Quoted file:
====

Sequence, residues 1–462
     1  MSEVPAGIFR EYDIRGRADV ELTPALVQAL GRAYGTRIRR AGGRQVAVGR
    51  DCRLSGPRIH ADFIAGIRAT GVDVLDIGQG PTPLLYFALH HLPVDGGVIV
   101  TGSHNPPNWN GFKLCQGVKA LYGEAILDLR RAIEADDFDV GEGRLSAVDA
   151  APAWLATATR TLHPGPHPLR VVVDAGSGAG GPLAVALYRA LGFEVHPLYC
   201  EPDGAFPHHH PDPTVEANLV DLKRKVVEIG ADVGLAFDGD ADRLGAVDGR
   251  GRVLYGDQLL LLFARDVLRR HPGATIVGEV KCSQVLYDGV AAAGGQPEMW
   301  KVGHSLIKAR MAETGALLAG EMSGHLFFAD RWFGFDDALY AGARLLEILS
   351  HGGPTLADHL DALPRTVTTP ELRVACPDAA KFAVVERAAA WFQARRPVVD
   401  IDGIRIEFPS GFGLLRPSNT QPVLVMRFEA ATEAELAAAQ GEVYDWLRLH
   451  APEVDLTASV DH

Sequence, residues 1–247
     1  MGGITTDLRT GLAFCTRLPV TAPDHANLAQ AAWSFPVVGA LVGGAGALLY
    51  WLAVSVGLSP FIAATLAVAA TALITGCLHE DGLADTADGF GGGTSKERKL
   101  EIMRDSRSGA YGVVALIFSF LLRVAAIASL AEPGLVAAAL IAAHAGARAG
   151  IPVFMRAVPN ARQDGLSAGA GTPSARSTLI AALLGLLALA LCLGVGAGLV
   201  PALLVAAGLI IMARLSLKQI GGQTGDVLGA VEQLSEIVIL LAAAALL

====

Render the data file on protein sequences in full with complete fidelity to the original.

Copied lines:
Sequence, residues 1–462
     1  MSEVPAGIFR EYDIRGRADV ELTPALVQAL GRAYGTRIRR AGGRQVAVGR
    51  DCRLSGPRIH ADFIAGIRAT GVDVLDIGQG PTPLLYFALH HLPVDGGVIV
   101  TGSHNPPNWN GFKLCQGVKA LYGEAILDLR RAIEADDFDV GEGRLSAVDA
   151  APAWLATATR TLHPGPHPLR VVVDAGSGAG GPLAVALYRA LGFEVHPLYC
   201  EPDGAFPHHH PDPTVEANLV DLKRKVVEIG ADVGLAFDGD ADRLGAVDGR
   251  GRVLYGDQLL LLFARDVLRR HPGATIVGEV KCSQVLYDGV AAAGGQPEMW
   301  KVGHSLIKAR MAETGALLAG EMSGHLFFAD RWFGFDDALY AGARLLEILS
   351  HGGPTLADHL DALPRTVTTP ELRVACPDAA KFAVVERAAA WFQARRPVVD
   401  IDGIRIEFPS GFGLLRPSNT QPVLVMRFEA ATEAELAAAQ GEVYDWLRLH
   451  APEVDLTASV DH

Sequence, residues 1–247
     1  MGGITTDLRT GLAFCTRLPV TAPDHANLAQ AAWSFPVVGA LVGGAGALLY
    51  WLAVSVGLSP FIAATLAVAA TALITGCLHE DGLADTADGF GGGTSKERKL
   101  EIMRDSRSGA YGVVALIFSF LLRVAAIASL AEPGLVAAAL IAAHAGARAG
   151  IPVFMRAVPN ARQDGLSAGA GTPSARSTLI AALLGLLALA LCLGVGAGLV
   201  PALLVAAGLI IMARLSLKQI GGQTGDVLGA VEQLSEIVIL LAAAALL